"Our sound engineers are also freelance, like a huge swathe of the music industry and consequently needed different help and support.
"Our regular bands have also had no work for a year now,” Nina said.
The worry in the music industry for the future is that so many highly-skilled freelancers and musicians will have had to get other jobs just to survive.
“The impact too on mental health cannot be underestimated – I was lucky to have the support of Music Venue Trust, and the Youngs’ social media group, along with my family and friends.
"I know others have not been so lucky, with many living alone too,” she said.
Linnea Kempe, a Swedish sound engineer who lives in Surbiton and half of musical duo ‘Meadows’, says her working life has been “non-existent” since the start of the epidemic and it has affected her mental health, “In the beginning I freaked out but I started to look for new ways to create an income.
"Then, when the shock had left me, I felt numb and catatonic.
"Nothing seemed to help and I had more than daily anxiety attacks.
"After about three months I got an online counsellor.
"She encouraged me to do the things I already knew how to do and to push myself beyond that.
"I joined a women's network called ‘Her Hustle’ and every weekday morning we met up on Zoom to check in with each other, and this is how I managed to produce 20 episodes of a podcast @anditwentlikethispodcast, which is available on all social media.
"I am also writing monthly blog posts for women’s sound engineer organisation soundgirls.org.
"So although music has taken a backseat – I have not written a single song as the inspiration hasn’t been there – the audio and writing is still a part of my life.
"It’s sad not to be working in my favourite venue, the Half Moon Putney.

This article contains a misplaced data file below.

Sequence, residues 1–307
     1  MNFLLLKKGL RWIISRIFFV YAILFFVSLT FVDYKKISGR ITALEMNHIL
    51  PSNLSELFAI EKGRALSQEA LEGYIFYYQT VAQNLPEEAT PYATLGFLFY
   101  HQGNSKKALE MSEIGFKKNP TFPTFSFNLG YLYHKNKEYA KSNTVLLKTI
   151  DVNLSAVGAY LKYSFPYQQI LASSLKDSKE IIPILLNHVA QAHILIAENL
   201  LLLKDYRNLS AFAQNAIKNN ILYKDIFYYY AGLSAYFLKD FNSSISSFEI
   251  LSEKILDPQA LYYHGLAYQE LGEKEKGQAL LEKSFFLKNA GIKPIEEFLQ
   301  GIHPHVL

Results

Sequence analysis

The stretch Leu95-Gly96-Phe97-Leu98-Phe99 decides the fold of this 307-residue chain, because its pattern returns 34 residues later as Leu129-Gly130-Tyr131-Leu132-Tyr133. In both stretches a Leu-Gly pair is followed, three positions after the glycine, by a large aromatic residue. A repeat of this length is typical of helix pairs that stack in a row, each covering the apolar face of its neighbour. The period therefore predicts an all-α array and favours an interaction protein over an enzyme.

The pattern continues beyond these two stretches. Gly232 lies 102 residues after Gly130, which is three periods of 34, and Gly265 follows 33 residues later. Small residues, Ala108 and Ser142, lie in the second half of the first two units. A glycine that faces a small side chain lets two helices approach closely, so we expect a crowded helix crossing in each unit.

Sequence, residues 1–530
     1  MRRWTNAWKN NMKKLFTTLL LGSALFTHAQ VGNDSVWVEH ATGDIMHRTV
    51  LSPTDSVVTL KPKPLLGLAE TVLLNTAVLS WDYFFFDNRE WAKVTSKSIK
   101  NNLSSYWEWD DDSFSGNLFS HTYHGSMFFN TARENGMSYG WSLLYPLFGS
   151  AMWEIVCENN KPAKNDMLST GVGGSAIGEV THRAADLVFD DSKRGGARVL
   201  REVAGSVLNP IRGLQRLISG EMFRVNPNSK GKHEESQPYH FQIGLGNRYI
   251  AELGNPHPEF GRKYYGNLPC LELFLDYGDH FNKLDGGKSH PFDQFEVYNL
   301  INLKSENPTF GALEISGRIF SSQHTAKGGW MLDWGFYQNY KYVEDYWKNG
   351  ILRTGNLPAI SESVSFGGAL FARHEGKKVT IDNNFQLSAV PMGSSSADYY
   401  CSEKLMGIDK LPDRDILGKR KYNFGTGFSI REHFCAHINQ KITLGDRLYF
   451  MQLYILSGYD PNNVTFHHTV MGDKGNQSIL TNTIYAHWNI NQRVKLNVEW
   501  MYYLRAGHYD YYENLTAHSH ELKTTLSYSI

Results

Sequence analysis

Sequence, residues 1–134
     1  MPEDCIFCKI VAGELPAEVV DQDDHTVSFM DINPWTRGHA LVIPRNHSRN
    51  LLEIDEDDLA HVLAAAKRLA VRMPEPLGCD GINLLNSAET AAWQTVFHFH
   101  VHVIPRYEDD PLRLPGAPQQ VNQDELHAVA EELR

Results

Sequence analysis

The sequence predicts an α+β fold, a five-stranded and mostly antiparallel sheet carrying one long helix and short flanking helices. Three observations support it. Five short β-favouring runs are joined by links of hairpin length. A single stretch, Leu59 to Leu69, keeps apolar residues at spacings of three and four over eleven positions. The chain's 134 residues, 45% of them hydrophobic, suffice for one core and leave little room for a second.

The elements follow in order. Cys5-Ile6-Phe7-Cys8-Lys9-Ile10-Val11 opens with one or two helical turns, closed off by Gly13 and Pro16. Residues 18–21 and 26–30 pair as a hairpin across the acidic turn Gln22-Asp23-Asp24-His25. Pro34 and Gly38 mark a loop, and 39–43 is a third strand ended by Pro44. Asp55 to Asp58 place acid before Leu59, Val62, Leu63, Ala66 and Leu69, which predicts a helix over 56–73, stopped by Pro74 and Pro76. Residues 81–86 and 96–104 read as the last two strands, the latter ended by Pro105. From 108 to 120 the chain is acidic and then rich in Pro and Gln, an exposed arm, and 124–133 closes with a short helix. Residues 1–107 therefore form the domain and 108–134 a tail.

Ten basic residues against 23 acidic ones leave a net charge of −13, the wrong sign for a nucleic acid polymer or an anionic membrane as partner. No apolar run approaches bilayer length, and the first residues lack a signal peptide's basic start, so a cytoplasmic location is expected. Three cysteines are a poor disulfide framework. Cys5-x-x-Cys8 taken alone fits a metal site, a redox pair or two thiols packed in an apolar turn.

"I long for the days of live music and having the whole drunken room dance and jump to the music.”
The live music industry is big business, generating £4.5billion a year for the UK economy, according to new umbrella trade body LIVE.
The Government’s roadmap has set a ‘not-before’ date of May 17 for live events with limited capacity and social distancing and it’s set to be at least June 21 before the sector might be able to return to some sort of normality.
After almost a year of virtual total closure, the Music Venue Trust has estimated that COVID-19 restrictions lowered capacities by 75% at Grassroots Music Venues.
And, in 2020, up to 80% of music creators’ income was lost, according to UK Music.
Although the Government’s £1.57 billion Cultural Recovery Fund has played a role in supporting the live music sector through the worst of the pandemic, trade bodies are now looking to the March 3 budget to end uncertainty about the Government’s plans for further financial support while the industry remains closed.
Wandsworth musician James Beck, freelance sound engineer and member of 1970s psychedelic band MAN says the pandemic has taken its toll on his creative process, “If I’m honest I’ve kinda lost all my creative mojo since the start of the pandemic, makes me feel there’s no point as my favourite thing to do is to perform live and obviously that isn’t happening.
"I’ve barely picked up an instrument which I feel awful about.
"I just can’t seem to get going.”
James, who is Head Sound Engineer at the Half Moon, says, “I just hope that this year we can kinda get back to some normality.
"When the Half Moon managed to put a few gigs in November, people seemed so much more appreciative of the live music, as if they realised what they had missed the last year.
"I’ve got a few gigs myself booked with MAN in Germany and Finland this summer, so I’m just hoping I can do them.”
Nina says, “We now look forward to opening the pub in April, with some extra special distanced events to follow from May 17 and can't wait for a full return on June 21!”